Later, I would write a Frosty the Snowman-esque comedy about a dancing scarecrow that would yield belly laughs from that same teacher and my class, after she asked me to share it with everyone. That is definitely when I learned to love my audience.

Other byproducts of that summer in Michigan include an inability to immediately recognize dramatic stories as dramatic stories and a fear of large bodies of water.

So, I’m in a swimming class now.

My classmates are triathletes learning how to improve their breathing strategies and I’m the weirdo trying to learn how to not feel like I’m going to drown every time my head is submerged in water.

It’s a process and my teacher is wonderfully patient.

My basic goal with that is to not be so afraid of the lake this summer, and maybe, maybe, not freak out about the possibility of flying off the jetski when my friends and I double up.

This week I want to share a little bit more about where I spend my time—both online and off, in a “Starting to Get Addicted To…” series. Maybe I’ll even introduce you to a new addiction (and I promise, it will not be toilet paper).

Let’s all agree to carve out happy trails this week. Deal? Deal.

of montreal

You know those women who have really cool tattoos and also knit really well and live in Canada and are cooler than everyone by virtue of said tattoos/knitting skillz/location?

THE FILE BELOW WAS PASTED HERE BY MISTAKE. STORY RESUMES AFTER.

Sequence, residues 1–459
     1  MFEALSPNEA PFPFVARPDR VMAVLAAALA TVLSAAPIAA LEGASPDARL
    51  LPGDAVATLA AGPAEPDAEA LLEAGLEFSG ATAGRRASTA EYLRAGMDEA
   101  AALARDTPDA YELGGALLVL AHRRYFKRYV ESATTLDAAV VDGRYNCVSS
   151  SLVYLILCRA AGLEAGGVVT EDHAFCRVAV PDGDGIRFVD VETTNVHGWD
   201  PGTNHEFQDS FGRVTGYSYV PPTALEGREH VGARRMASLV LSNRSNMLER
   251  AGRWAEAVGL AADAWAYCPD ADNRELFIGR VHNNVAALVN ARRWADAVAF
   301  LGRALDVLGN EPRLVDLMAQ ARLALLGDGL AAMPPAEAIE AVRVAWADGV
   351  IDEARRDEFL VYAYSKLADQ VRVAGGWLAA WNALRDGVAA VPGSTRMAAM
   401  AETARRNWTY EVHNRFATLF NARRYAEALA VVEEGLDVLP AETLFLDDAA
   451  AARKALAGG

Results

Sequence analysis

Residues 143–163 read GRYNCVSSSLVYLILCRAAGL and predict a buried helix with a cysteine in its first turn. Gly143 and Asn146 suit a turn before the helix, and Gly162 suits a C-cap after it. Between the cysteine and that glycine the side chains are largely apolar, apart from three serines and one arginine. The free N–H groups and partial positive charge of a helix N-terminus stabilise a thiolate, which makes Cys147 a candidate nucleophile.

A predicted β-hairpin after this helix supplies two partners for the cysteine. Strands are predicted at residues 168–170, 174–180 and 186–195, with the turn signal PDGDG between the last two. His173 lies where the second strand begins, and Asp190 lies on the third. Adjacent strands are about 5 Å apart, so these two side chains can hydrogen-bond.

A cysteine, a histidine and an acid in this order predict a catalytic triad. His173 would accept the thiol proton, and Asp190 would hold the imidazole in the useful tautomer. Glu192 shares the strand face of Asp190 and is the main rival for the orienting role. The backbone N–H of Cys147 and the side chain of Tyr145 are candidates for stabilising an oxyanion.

Neither do I!

But one of my favorite places on the Internet stay fancy free, is written by a woman who happens to be from Canada and who happens to have some mad knitting skillz.

Besides posting pretty pictures and nice words on stay fancy free Tara is moving to Montreal and she’s selling her knits at a discount at Yarn Over Movement.

All these sales are convincing me that I have more money than I actually do.

But you know what they say: better to live as a hobo in a great knit scarf than as a miser!

Or, maybe the saying goes: better to save your money and buy things you need and not things you want.

No, this is America so it was probably the first quote.*

*I really do love America though. Don’t kick me out! I’ll bake apple pie, get married young, force my kids to play baseball and not vote in elections!**
**see what I did there? Damn it, my attitude is getting very Gwyneth Paltrow-y. I better start practicing my fake British accent and sense of entitlement.

the blizzard of oz

I think I just bought a camera because of the snow storm?

You can’t write about a snow storm that affects most of the Midwest and not have photos that are specific to your region. If you do, then it just becomes a third grade composition:

It snowed on Monday night.

We bought bread and milk on Monday afternoon.

We walked in the snow to get $2 drinks downtown Tuesday night (WORTH IT).

Dora the Ford Explorer drove us home through piles of snow.

It was a good middle of the week, snow day imposed weekend.